Salicylates are a group of chemicals derived from salicylic acid (typically found in over-the-counter products like Aspirin and Pepto-Bismol, but also in lots of beauty products like shampoo, moisturizers, acne products, perfume etc). They also occur naturally in plant foods. Like other « anti-nutrients » I talked about before such as phytic acid and saponins (read more here on a recent blog post), salicylates are the plant’s natural protection against insects.
High-salicylate foods and products don’t cause issues for everyone, but in some, they can lead to salicylate intolerance that causes specific symptoms and health issues as a result. In a healthy body, our liver helps detoxify excess salicylates, however, sluggish liver function can increase our risk of salicylate intolerance.
The situation is similar to the one with oxalates: if our body reaches a high salicylate load and is unable to break down the excess salicylates, it can lead to inflammation, a compromised immune system, oxidative stress, poor mitochondrial function, cellular and tissue damage, and histamine release and we can experience symptoms like:
Bed wetting or urgency to urinate
Sore, itchy, puffy or burning eyes
Memory loss and poor concentration
Swelling of hands, feet, eyelids, face and/or lips
Sinus infections, stuffy nose, asthma or nasal polyps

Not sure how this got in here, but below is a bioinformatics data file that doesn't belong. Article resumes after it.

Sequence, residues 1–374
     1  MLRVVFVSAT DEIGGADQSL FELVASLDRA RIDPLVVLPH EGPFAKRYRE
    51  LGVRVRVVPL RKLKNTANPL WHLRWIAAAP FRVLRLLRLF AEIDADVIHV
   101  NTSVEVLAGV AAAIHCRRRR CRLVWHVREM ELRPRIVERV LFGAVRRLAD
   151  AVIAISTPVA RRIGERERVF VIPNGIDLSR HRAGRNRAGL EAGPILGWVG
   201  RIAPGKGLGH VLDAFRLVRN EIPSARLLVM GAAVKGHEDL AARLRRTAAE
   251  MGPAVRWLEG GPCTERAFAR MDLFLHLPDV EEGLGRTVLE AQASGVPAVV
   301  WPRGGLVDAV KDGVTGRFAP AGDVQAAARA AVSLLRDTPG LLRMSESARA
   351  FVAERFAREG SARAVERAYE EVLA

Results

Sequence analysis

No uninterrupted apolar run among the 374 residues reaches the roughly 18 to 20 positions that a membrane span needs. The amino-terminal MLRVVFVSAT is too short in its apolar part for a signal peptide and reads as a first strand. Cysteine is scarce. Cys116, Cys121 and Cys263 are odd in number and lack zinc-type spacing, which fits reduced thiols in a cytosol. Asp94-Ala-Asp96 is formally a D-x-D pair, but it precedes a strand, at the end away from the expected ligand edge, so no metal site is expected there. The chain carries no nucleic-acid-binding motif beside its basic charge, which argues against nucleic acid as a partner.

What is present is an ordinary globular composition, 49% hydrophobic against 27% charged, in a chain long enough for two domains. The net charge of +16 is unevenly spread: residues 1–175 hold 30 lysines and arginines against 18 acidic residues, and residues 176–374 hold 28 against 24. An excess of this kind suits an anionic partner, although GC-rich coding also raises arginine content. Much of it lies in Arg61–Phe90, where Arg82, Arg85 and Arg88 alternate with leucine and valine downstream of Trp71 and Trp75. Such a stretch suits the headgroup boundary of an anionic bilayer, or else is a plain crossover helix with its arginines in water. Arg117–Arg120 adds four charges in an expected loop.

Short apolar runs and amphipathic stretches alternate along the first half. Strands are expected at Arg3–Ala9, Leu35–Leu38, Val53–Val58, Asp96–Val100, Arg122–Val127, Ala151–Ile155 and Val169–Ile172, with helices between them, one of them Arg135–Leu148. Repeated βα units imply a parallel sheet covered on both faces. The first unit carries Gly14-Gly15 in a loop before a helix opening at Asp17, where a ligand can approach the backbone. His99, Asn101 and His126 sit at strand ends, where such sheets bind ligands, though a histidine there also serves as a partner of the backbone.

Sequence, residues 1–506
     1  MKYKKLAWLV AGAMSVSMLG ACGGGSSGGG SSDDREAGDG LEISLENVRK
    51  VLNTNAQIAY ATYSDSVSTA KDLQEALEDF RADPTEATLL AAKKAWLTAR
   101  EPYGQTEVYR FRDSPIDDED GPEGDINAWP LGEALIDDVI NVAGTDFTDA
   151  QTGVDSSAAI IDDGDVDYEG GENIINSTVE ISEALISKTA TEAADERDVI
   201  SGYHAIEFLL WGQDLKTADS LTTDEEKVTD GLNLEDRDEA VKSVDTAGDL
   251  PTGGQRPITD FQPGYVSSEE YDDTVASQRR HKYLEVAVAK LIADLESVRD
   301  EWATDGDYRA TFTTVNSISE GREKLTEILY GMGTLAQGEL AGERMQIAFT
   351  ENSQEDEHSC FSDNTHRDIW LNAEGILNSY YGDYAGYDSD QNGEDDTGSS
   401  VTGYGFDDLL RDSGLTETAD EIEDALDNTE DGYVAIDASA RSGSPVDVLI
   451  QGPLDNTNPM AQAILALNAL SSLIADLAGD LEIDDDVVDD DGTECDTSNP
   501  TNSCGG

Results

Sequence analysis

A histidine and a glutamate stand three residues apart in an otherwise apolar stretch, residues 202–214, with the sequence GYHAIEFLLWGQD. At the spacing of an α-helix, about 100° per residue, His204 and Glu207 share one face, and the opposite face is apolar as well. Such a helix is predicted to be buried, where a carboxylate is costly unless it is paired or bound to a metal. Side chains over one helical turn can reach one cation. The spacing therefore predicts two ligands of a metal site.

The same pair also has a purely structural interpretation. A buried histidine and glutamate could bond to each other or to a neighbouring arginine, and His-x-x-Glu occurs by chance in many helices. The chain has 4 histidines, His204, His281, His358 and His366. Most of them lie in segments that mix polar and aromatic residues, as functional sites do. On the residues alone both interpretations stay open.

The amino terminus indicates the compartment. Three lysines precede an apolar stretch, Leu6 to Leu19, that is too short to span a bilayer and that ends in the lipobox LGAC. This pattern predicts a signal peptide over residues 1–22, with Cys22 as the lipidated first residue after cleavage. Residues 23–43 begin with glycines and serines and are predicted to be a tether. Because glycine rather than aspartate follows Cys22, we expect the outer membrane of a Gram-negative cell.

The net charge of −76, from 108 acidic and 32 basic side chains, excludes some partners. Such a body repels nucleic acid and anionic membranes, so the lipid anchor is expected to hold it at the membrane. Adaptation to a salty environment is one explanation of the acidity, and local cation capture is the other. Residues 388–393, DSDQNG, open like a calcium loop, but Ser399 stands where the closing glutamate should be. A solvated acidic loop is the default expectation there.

Gas & bloating
Hives and skin issues, especially red cheeks and ears
Headaches and migraines
Insomnia and poor sleep
Salicylates are found in most of the summer fruit, but also in other foods:
Most melons including watermelon
Red bell pepper
Cucumbers and pickles
Tomatoes and tomato sauce
Zucchini (with peel on)
Most herbs & spices
If you have salicylate intolerance, it is important that you pay attention to these and the beauty products I mentioned above as well.
Now you might be wondering, how would you know if you need to pay attention to these foods?
My advice is to pay attention to your body when you consume them: do you notice any of the listed symptoms when consuming these foods or maybe beauty products? Do you see your symptoms get worse in summer?
How about if you remove them? Do your symptoms get better?
Working with a functional medicine practitioner, like myself, can help you navigate this and uncover what might be causing your symptoms and heal the source of your problem to eliminate your symptoms.
Ultimately, you will probably have to improve your digestive health and microbiome balance in order to get symptom-free.
What else could you do on your own?
eat an anti-inflammatory and nutrient-dense diet (check out my nutrition 101 course to learn the basics of a healthy diet and digestion)
pay attention to foods high in histamine, oxalates and salicylates and see if they might be causing you symptoms by removing the high category foods for a minimum of 2 weeks
when removing high oxalate foods, pay attention to decreasing your oxalate intake gradually. Removing all high-oxalate foods and lowering your intake too quickly can lead to increased symptoms, because oxalates are exiting your body too quickly.
eliminate toxic personal care and cleaning products as well and use organic, natural, or homemade products instead
support your liver: it is critical for supporting the elimination of excess histamine, oxalates, and salicylates (you might want to join my next Cleanse program coming up in September)